Mongolia is also one of the most vulnerable countries to climate change. Its  temperatures have risen by three times the global average and already breached the 2 degrees centigrade rise the world is trying to avoid. This, coupled with overgrazing caused by ever-increasing livestock numbers, is drying up the spectacular landscapes that you have seen. One quarter of the country has now turned to desert. With hotter summers and harsher winters, Mongolia’s herds and nomadic way of life are under threat. Herders are leaving in droves for cities like UB. Many settle in UB`s ger district, without running water, sanitation or central heating. Forced to burn coal to keep their gers warm in winters colder than Antarctica, they endure some of the worst winter air pollution on earth. Many also face urban poverty, without the skills needed to get jobs in cities.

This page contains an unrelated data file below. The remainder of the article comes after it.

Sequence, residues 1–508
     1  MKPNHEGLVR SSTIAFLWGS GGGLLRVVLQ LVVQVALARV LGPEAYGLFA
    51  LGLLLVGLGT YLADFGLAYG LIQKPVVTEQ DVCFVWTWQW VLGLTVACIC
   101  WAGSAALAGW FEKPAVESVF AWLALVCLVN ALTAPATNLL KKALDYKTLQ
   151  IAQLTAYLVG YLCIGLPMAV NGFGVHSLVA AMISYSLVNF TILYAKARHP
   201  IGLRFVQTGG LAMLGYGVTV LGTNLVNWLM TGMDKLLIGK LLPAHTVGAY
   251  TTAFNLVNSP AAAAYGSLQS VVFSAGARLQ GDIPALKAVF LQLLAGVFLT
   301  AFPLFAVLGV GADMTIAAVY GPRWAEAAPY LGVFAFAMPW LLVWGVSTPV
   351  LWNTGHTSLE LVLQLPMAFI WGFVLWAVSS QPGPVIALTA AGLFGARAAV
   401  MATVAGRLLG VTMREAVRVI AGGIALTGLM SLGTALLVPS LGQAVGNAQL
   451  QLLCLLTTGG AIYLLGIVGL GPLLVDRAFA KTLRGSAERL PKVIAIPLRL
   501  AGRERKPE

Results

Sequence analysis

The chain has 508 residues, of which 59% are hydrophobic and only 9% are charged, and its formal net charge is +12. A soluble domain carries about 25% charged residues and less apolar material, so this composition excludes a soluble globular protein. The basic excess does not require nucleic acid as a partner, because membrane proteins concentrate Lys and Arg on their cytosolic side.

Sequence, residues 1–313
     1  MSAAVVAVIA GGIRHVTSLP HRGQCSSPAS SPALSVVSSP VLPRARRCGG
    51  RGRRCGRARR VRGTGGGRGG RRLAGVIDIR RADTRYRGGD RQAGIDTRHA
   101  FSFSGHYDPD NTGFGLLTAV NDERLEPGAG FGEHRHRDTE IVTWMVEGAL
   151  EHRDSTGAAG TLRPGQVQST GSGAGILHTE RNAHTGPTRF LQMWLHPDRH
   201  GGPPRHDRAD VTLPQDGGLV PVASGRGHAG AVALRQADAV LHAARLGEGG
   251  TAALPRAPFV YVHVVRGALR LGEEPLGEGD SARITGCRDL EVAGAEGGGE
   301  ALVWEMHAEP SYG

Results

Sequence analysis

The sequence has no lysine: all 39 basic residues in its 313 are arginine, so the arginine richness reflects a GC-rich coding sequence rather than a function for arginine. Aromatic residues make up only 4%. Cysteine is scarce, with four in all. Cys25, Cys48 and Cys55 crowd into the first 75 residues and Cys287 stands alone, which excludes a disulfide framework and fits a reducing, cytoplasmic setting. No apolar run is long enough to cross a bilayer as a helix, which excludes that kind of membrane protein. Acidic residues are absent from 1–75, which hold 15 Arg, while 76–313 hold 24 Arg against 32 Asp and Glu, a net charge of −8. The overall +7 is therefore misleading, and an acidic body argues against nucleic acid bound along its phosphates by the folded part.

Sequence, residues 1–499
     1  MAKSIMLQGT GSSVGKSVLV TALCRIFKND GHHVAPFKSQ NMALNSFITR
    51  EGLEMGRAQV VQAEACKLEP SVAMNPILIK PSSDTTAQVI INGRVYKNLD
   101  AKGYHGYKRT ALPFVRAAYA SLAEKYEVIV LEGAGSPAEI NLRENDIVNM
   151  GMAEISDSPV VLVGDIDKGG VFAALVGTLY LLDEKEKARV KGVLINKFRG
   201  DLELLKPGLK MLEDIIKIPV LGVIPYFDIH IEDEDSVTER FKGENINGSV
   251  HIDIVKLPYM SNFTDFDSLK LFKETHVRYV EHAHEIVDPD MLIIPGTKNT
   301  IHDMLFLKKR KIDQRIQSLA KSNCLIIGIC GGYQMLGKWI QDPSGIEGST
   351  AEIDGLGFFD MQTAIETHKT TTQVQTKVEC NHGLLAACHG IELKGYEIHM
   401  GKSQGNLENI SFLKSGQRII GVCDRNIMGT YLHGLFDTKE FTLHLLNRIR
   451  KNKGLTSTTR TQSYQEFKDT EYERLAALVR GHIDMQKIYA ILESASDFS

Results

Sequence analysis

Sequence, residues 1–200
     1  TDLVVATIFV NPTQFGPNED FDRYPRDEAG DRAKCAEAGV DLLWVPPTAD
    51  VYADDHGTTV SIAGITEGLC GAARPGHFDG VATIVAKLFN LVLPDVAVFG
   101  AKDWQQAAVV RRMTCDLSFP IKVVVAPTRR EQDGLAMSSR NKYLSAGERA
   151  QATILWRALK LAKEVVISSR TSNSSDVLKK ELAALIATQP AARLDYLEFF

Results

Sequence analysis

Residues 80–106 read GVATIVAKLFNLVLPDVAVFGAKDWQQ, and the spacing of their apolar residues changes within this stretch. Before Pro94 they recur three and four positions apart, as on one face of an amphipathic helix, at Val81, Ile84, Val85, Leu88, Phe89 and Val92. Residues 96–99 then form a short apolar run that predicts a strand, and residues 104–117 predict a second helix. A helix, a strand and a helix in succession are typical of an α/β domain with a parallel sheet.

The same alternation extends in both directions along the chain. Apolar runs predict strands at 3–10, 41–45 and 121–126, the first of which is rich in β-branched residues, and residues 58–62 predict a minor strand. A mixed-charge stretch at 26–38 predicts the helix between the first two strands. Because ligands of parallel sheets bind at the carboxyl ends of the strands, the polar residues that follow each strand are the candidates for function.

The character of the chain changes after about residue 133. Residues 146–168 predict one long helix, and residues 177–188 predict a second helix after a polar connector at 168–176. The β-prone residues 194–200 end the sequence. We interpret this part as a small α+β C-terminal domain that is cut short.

To overcome these urgent challenges presented by poverty, inequality and climate change facing many countries around the globe, world leaders agreed to a new global agenda for development in 2015. The Sustainable Development Goals, or SDGs, aimed at ending poverty by 2030, while ensuring the future of life on earth. These goals are about changing the way we live, consume, produce and invest. So, they aren’t  just for governments. They are goals for all – including civil society, citizens and companies.

Businesses have the power, the knowledge, the funds and the responsibility to step up for the SDGs – in renewable energy, for example, as well as sustainable fashion and rural livelihoods. There are social and planetary arguments for investing sustainably – but also, increasingly, clear economic reasons too. The Network for Greening Financial Services warns the financial risks presented by climate change are “system-wide and potentially irreversible, if not addressed”. Already, growing droughts, wildfires and hurricanes are jeopardising land, water and food resources, including basic commodities, like rice. In the face of these unprecedented challenges, ‘business-as-usual’ is simply not enough. Because business is no longer ‘usual.’